4 thoughts on “Lucky Seven”

  1. No offence – No offence, but anyone having done Year Eight Mathematics and having passed it, would know that already.

  2. actually… – Actually, on any die, the opposite sides add up to one more than the highest number on the die. My brother has three-sided, 8, 20, and 100. this is true for each one.

  3. Um… – How can you possibly have a 3-sided…anything? That’s like having a 2-sided 2-D shape or a 1-ended line segment. Assuming the die is 3-D, one would assume the die would have to be at least 4-SIDED. Also, a 100-sided die would have to be pretty wierd, because not all of the faces would be the same shape and size, so certain numbers would be more likely to come up than others (unless it is carefully weighted). The only 3-D “regular” shapes are called the Platonic Solids, and they are the tetrahedron (4 regular triangles, aka euilateral triangles), the hexaheron aka the cube (6 regular quadrilaterals, aka squares), the octahedron (8 regular triangles, aka equilateral triangles), the dodecahedron (12 regular pentagons), and the isosahedron (20 regular triangles, aka equilateral triangles).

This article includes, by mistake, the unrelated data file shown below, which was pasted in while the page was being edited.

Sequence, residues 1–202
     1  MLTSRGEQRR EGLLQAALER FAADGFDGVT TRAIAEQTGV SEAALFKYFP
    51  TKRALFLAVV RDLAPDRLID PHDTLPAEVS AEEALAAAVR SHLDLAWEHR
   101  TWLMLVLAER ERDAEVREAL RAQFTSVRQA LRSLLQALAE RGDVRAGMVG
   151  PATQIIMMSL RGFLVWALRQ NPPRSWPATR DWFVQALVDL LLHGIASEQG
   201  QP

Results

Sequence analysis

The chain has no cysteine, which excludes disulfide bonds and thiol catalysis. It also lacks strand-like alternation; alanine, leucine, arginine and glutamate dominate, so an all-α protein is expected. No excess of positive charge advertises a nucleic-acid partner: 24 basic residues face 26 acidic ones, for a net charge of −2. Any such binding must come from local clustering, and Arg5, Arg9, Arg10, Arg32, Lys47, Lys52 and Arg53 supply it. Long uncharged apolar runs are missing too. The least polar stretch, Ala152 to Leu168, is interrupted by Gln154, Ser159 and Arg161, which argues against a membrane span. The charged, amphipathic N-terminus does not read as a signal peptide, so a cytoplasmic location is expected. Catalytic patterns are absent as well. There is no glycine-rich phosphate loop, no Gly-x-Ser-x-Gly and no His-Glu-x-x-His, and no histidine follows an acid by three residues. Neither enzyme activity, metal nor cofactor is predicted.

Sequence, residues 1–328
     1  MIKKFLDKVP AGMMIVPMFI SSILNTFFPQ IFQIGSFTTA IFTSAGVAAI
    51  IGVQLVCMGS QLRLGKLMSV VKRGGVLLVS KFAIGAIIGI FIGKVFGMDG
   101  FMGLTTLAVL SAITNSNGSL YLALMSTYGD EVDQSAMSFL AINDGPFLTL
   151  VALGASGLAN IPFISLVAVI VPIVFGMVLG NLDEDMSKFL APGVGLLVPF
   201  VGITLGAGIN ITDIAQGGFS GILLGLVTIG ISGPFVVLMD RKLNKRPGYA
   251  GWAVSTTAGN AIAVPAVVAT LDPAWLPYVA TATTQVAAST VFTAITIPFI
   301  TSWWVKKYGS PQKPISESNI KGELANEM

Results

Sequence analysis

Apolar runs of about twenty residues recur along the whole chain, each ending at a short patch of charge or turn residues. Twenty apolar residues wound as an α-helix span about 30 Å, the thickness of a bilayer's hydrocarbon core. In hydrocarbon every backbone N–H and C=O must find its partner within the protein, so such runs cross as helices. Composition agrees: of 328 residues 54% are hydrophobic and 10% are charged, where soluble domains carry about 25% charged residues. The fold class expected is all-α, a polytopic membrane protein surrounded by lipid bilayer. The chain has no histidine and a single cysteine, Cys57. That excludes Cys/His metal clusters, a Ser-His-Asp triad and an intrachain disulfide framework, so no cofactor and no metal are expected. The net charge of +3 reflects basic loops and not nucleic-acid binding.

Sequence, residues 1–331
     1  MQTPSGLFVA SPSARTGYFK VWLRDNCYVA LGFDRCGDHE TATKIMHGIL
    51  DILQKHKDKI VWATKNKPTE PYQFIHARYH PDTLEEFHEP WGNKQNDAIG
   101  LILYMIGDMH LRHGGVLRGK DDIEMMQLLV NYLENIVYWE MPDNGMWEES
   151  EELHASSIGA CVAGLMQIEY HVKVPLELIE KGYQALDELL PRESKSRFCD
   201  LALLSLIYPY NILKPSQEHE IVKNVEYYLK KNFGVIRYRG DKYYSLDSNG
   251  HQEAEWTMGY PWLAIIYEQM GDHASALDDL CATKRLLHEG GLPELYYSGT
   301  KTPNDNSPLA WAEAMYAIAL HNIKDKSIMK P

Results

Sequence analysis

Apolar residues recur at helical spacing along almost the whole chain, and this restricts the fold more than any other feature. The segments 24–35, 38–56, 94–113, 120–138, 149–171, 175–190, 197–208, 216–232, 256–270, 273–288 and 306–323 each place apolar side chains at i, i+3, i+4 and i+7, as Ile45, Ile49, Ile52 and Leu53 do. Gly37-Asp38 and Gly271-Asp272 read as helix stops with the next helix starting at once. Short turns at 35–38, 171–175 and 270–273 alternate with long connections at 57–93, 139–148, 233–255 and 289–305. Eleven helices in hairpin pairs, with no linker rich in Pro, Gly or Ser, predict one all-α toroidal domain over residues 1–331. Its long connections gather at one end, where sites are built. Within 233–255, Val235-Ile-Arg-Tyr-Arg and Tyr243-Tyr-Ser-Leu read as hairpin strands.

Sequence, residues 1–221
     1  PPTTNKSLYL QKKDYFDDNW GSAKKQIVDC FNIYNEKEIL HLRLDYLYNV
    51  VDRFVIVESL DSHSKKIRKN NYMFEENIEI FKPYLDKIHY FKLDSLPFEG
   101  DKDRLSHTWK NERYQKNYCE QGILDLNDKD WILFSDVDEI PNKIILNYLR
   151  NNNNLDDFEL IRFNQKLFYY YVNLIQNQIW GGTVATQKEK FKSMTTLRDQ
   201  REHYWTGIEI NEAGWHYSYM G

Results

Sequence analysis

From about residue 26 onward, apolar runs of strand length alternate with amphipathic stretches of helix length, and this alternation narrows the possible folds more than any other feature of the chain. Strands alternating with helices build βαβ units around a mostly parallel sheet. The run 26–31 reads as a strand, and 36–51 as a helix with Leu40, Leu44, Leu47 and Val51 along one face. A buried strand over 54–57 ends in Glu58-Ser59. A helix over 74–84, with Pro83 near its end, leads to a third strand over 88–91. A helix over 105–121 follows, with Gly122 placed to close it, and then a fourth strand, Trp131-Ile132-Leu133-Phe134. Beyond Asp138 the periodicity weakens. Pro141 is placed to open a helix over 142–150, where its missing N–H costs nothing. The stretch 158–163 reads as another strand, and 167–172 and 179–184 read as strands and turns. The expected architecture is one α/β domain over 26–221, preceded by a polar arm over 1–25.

Leave a Reply